Before selling, landowners typically look to buy more land so they won’t be left empty-handed.
As land is in high demand and well-presented land typically attracts many offers; this is why buying land is considered a good investment.
Instead, the owners would prefer not to sell at first and would lose any income from their real estate for a specific period of time. However, such a situation can create a lot of challenges in the way of the landlord.
Although it is conceivable, conventional real estate doesn’t make it simple to purchase a property before selling the old one. This is because there is intense competition in real estate markets.
Additionally, the options available to you may disappoint you if you are trying to make a tangible investment by buying a property as well as selling a property. This may also require you to put the proceeds from the sale as a deposit for the new property.
Thus, buyers need to clear several hurdles before disposing of their existing property. As a responsible landowner, it is your responsibility to overcome several finance and contingency obstacles to achieve the best inflation hedge.
Nevertheless, the real estate sector is evolving. Although this strategy of buying before selling carries some obvious risks, it’s generally less risky in a seller’s market. This is mainly because there are more buyers than sellers, which causes a property to sell swiftly and for a great price.
There are two significant obstacles that people in this scenario frequently encounter:
- Obtaining a deposit for the new land map.
- Both properties have yet to maintain a manageable debt-to-income ratio.
These obstacles can be handled efficiently with three useful tips mentioned below:
Secure a Bridge Loan
A short-term and interest-only loan is known as a “bridging loan”. The purpose of this loan is to “bridge” the gap between the debt you are currently facing and the money you anticipate will be accessible at a later time. When compared to mortgages, such loans can be easier to arrange and may include various flexible terms.
The equity of your existing land is taken out to finance the deposit of your new property. However, keep in mind that to secure a bridge loan, most lenders ask you to make a formal offer on both of your properties.
Considering that these loans can be set up faster than traditional mortgages, lenders typically stick to strict standards. You’ll need to have an excellent credit history and an exit plan outlining how you’ll pay back the bridging loan to qualify for one.
Bridge loans have a few disadvantages as well.
- They are costly, first and foremost.
- Due to their short tenure, lenders charge hefty interest rates for these loans. The rate can largely depend on the lender, but it can be anything between 6% and 20%.
Lastly, they pose a high risk. You will be saddled with the debt, which carries a rather high rate of interest if your old property doesn’t sell.
Make a Contingent Offer
Making an offer that is contingent is a typical practice to enable the parallel purchasing and selling of a property. Here, you commit to purchasing the new property only if you can obtain a buyer for your existing property within a specific time frame.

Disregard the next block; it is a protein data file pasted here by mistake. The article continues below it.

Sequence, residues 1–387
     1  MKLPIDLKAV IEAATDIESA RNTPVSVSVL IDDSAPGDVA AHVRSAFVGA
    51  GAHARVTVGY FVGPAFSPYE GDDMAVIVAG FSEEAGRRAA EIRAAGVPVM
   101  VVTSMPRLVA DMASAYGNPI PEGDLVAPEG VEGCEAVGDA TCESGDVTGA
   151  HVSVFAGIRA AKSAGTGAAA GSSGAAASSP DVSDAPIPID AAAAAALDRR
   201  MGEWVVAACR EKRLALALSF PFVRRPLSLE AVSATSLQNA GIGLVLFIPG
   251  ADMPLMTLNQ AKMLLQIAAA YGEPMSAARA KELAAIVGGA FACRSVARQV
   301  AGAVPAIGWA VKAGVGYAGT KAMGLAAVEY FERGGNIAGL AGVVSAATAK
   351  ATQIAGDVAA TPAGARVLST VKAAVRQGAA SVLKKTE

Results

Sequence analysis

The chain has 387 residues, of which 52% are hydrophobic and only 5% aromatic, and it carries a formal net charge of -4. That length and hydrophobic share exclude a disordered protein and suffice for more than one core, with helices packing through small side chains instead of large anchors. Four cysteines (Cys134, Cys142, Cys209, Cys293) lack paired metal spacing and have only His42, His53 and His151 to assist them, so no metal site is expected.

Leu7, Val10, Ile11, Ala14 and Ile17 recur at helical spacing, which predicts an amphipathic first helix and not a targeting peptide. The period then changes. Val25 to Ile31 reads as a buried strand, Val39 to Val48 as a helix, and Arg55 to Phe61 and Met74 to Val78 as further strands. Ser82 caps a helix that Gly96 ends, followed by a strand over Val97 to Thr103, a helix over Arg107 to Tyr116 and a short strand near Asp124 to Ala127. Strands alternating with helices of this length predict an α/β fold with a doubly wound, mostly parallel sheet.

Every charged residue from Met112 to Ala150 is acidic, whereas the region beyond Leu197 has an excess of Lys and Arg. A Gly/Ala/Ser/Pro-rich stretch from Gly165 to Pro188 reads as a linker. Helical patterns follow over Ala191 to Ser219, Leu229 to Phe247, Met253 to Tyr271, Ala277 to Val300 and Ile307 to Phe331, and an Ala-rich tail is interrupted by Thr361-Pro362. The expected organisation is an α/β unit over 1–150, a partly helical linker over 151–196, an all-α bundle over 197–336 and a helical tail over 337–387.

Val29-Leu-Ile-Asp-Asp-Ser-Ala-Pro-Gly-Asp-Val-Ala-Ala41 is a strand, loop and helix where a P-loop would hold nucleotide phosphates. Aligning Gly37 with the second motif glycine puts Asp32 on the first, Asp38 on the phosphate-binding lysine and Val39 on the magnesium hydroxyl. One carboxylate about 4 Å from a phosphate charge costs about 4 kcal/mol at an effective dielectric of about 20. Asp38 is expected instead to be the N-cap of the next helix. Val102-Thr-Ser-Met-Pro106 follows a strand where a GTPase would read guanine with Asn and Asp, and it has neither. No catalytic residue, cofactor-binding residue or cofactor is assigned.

The contingency provision permits you to back out of the new property if you are unable to locate a buyer for your current property.
Despite how practical and appealing it may seem, sellers despise contingent offers and usually regard them as a red flag. This increases the chances of the seller losing the deal as a result. No seller wants to spend their time and money on a questionable contract.
Placing a contingent offer could put you at a loss in a marketplace if other bidders are willing to purchase the property with cash offers.
Use a Power Buyer Service
Another option is to remove the equity from your existing property before selling so that the proceeds can be used to purchase your new land. This is what modern brokerage firms do. As a result, you can make a contingency-free offer without accumulating any additional debt.
Contemporary brokerage firms ensure the sale of your old property while giving you close to 90% of its worth beforehand to invest in the new purchase.
Companies assist you in preparing your property for sale and listing it on the marketplace after you purchase your new property. You get the excess amount if your property sells for more than the list price.
Using this service, you can sell your land before it is actually sold, without having to spend your money on taking out additional mortgages.
The idea of purchasing a new property before selling can be frightening to several individuals. But it’s not necessary to be.
Before selling your current property, it is feasible to buy a new one to enjoy the benefits of owning land. This may also be necessary, especially if you need to buy land quickly if the market is weak.
There are numerous ways you may make this effective for you; whatever option you choose will depend on your financial circumstances and the state of the real estate market at that point.
Any decision you make should be supported by a thorough analysis of your circumstances and associated risks. There are several questions to ask when buying land, including:
- Have you built up enough equity in your current property that, even if it didn’t sell quickly, you could still afford the purchase of a new one?
- Are you an extremely choosy land buyer or do you have a very certain kind of land in mind that doesn’t often come up for sale?
Assessing the risks and understanding how your situation may develop based on those risks can help you make the right choice.